“Pippin,” playing through Sept. 20 at The Buell Theater in Denver before its first road trip, deposits the classic story under the big top. That changeup works beautifully … for the first act. We’re dazzled by circus stunts as good as anything you’ll see in a show featuring the word “cirque.” And the world of Pippin seems ideally suited to a place where acrobats slink around the title character, tempting him with their physical charms.
The update can’t salvage a wan love story or a production which loses its emotional compass just when it needs it most.
Once more we meet Pippin (Matthew James Thomas), the son of a king who seeks something more out of life. He tries honing his battle skills and embracing meaningless affairs, but neither can stir his soul.
The refurbished “Pippin” retains some classic musical numbers (like “Magic To Do,” “Glory,” “No Time at All” and “Morning Glow” … a soaring highlight) and offers a glorious circus recreation as well as sultry costumes. The traveling show also makes the most of its veteran cast members. Lucie Arnaz gets only one big scene, but her turn as Pippin’s grandmother packs so much heart and sass you’ll remember her long after the curtains shut.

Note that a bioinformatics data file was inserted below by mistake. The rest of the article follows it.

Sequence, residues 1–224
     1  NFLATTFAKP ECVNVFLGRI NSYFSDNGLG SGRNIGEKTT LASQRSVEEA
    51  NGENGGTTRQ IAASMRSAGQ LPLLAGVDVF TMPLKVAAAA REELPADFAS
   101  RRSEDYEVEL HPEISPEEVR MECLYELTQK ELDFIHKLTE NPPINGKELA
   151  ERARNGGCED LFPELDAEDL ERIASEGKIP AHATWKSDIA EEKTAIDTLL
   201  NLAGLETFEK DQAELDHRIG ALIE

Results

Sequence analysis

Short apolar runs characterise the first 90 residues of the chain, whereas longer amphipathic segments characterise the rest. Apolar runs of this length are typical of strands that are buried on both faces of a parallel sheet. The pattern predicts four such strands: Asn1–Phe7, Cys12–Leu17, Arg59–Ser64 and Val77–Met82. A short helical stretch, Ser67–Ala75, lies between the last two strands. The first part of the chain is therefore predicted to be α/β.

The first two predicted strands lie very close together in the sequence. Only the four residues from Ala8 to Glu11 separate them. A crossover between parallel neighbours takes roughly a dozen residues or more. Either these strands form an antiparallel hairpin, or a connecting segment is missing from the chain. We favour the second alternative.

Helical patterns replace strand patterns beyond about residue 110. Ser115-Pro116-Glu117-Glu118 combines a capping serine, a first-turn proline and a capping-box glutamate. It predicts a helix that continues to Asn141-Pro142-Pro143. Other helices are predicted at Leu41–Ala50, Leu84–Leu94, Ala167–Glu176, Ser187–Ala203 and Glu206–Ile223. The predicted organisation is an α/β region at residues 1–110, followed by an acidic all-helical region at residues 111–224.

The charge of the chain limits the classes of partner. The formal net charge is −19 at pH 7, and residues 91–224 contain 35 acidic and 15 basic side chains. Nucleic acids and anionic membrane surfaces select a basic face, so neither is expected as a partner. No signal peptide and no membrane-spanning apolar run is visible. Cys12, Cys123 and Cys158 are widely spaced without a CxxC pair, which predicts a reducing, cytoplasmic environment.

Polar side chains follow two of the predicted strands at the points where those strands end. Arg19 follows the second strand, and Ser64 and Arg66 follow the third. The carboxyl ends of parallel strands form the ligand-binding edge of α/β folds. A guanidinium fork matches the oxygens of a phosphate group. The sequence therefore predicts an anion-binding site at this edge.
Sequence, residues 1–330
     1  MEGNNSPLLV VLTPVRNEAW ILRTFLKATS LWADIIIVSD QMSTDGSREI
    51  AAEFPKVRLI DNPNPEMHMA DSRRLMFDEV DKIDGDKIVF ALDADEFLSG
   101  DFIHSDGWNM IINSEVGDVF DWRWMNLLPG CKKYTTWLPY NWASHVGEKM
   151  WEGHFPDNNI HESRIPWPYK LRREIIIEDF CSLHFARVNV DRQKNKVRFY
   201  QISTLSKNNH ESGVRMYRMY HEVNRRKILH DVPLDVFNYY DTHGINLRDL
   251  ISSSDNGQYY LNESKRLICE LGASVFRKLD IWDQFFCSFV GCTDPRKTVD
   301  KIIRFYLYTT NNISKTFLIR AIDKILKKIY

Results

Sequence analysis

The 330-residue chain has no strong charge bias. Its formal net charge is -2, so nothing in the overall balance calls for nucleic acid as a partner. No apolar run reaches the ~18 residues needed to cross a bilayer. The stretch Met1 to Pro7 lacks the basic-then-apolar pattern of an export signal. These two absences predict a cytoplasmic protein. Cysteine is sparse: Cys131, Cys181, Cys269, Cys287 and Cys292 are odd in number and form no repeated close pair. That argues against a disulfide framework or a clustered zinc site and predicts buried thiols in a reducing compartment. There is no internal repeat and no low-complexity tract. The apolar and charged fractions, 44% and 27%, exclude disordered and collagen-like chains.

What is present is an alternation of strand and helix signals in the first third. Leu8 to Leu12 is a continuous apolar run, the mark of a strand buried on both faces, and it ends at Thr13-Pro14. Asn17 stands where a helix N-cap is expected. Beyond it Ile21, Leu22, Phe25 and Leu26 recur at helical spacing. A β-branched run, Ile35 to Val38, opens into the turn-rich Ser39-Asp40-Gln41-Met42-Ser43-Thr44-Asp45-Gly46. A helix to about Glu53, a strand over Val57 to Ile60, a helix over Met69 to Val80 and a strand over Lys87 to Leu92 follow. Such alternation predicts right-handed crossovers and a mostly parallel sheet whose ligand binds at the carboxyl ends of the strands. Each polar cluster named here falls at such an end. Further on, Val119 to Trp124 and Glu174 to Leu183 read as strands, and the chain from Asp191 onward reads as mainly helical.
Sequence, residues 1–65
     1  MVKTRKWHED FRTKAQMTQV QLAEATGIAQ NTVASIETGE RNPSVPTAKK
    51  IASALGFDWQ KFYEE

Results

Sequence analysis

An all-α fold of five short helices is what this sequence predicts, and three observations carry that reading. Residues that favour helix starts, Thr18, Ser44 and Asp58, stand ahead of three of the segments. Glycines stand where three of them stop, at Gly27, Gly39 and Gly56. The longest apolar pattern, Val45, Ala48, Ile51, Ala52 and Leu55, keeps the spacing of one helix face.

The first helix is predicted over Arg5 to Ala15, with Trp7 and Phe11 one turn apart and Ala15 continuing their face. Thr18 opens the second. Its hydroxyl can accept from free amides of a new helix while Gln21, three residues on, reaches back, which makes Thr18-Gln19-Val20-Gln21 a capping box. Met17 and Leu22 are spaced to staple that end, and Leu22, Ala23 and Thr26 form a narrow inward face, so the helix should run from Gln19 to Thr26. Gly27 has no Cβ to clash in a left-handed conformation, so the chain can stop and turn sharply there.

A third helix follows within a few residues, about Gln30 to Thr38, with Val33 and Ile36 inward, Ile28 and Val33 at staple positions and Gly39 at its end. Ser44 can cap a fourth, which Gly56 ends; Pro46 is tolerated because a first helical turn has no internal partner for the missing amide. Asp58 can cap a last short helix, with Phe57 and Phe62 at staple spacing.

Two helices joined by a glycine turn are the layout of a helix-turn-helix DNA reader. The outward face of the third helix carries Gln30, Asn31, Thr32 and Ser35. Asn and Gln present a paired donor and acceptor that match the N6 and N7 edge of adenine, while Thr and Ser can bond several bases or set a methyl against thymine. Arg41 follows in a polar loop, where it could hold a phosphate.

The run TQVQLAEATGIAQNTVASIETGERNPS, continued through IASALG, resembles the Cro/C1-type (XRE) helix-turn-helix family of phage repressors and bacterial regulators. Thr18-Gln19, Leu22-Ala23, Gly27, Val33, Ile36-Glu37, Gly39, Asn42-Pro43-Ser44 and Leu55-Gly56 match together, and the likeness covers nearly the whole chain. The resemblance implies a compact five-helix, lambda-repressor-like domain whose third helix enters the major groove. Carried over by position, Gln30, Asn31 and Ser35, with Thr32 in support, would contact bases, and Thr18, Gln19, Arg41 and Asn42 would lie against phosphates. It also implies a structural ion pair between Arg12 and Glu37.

John Rubinstein brings buckets of broad energy to King Charles, but a plot twist at the start of the second act clips his character’s potential.
The show shrewdly smudges all sense of time. The monarchy elements hearken back to a bygone era, and yet Pippin’s wardrobe could come out of a current Gap catalog.
The new “Pippin” earned four 2013 Tony Awards including Best Musical Revival, and the touring version makes it clear why voters were wowed by the reboot. Bob Fosse’s spiritual fingerprints are all over the dance numbers. The yearning for greater meaning is a theme a musical from any era could embrace. And changing the gender of the Leading Player, now captured effortlessly by Sasha Allen, offers a clean break from past productions.
The other major change involves the ending, and the new resolution might have worked if the second act hadn’t so drooped so dramatically. Pippin’s search for self fulfillment ends up on a farm, where game performers pretend to be chickens, ducks and pigs. The production never takes itself seriously and routinely chisels away at the fourth wall. But this turn, well, is one too many.
What’s worse is how critical it is to the finale, one meant to convey the uplifting end to Pippin’s journey. Instead, we’re left longing for more Grandma Berthe, those stunning acrobats and the dancers who temporarily make “Pippin’s” rebirth a joyous affair..
DID YOU KNOW: Lucy Arnaz’s famous parents, Lucille Ball and Desi Arnaz, sold the rights to “I Love Lucy” in 1957. The couple’s daughter recently estimate the show’s worth now at $400 million.